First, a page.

Apartment landlords across the U.S. spent the last days of March holding their collective breath while waiting for rent checks to come in.
For the most part, they did, thanks to the $2 trillion in emergency relief authorized by Congress to blunt the economic blow of the pandemic. Now, expanded unemployment benefits are expiring and eviction bans are set to lift, leaving tenants and building owners wondering again what will happen when the bills are due.
It’s not going to be good.
One in three renters failed to make their full payment in the first week of July, an Apartment List survey showed. Nearly 12 million renters could be served with eviction notices in the next four months, according to an analysis by advisory firm Stout Risius Ross. And in some cities, like New York and Houston, more than a fifth of renters say they have “no confidence” in their ability to pay next month.
“You’d have to go back to the Great Depression to find the kind of numbers we’re looking at right now,” said John Pollock, staff attorney at the Public Justice Center, a Baltimore nonprofit that uses legal tools to fight poverty. “There’s almost no precedent for this, which is why it’s so scary.”
The pandemic spurred mass layoffs beginning in March, and renters have been scraping by on a combination of savings, credit card debt, unemployment benefits and federal stimulus. Roughly 11 million renters spend at least half of their income to keep a roof over their heads in normal times, and the first wave of job cuts skewed toward lower-paying retail and hospitality workers who are less likely to have emergency savings.
One-time stimulus payments of $1,200 helped, as did eviction moratoriums passed by local, state and federal governments. And Congress authorized an additional $600 a week in unemployment insurance on top of what states provide, offering a lifeline to millions. In some cases, the benefits exceed what workers were bringing home while employed.
That extra boost will expire at the end of the month without action by Congress. The Trump administration and Senate Republicans have yet to release their $1 trillion plan for another round of virus relief, which Treasury Secretary Steven Mnuchin and others have described as an extension of portions of the last stimulus. The proposal would be their opening bid in talks with Democrats, who’ve already offered a $3.5 trillion package.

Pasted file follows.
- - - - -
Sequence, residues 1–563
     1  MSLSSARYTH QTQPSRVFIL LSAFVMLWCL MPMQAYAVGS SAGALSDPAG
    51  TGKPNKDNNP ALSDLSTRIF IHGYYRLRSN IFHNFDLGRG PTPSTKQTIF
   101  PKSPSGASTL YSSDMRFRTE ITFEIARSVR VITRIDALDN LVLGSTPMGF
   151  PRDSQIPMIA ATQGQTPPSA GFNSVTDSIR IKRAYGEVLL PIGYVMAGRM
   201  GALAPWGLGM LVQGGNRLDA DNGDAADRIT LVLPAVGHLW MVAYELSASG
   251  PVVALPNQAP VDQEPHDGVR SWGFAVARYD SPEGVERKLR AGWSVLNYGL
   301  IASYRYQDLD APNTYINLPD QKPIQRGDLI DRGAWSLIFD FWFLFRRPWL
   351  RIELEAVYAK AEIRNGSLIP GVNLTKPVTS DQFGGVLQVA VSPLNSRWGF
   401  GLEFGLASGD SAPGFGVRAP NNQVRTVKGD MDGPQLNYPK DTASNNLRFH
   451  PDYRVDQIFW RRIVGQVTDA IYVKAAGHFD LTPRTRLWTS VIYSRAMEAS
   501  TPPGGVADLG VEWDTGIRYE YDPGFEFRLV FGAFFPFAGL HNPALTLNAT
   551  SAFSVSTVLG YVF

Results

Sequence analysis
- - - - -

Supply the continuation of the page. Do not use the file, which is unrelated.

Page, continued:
Continuing the extra unemployment benefits would provide a measure of relief to people like Brooke Martin, 33, who lost her job at a dive bar in Seattle in March. Even though the business has since reopened, she’s hesitant to go back, fearing for her own safety. The bar doesn’t have good ventilation and people aren’t wearing masks when they aren’t drinking, she said.
Martin and her husband have been living off her unemployment alone, because he was unable to collect benefits himself. After her student loan payments, utilities and other expenses, the money is barely enough to cover their $1,800-a-month apartment.
“As of the end of the month, we’re screwed,” she said. “There’s just no two ways about it.”
The U.S. had a pretty “stingy” safety net when it came to housing before the pandemic, said Mary Cunningham, vice president of the Metropolitan Housing and Communities Policy Center at the Urban Institute.
But Congress’s quick action to give aid this spring has shown the upside of being more generous. Adults who received unemployment benefits were far less likely to report they were worried about making rent or mortgage payments, compared to those who hadn’t gotten the relief, according to a survey the institute conducted in May.
“This has been an important part of the safety net,” said Cunningham. “If Congress doesn’t do anything, I think we are in for a dark fall and winter.”
John Pawlowski, a senior analyst at real estate research firm Green Street Advisors, said he doubts the apartment industry would see an immediate crash if the additional unemployment benefits aren’t extended. People will skip things like auto and credit card payments to cobble together enough for rent.
“People still need a place to live,” he said.
But over the long-term, rental revenue will decline because of missed payments and lower occupancy as tenants look to save money by doubling up with others, Pawlowski said. Landlords could end up missing more than $22 billion in rent over the next four months, according to the Stout analysis.
Chuck Sheldon manages about 1,650 apartments in Albuquerque, New Mexico, about half of which he owns. Rent collections have been far better than he had feared in late March, when several states were going into lockdown.
Sheldon’s T&C Management tends to rent to more blue-collar and service workers who have been disproportionately hit by job losses. Most have tried to stay current, he said, and the $600 unemployment boost has been a “huge” part of that.
“When it drops off, that’s going to be painful,” he said.
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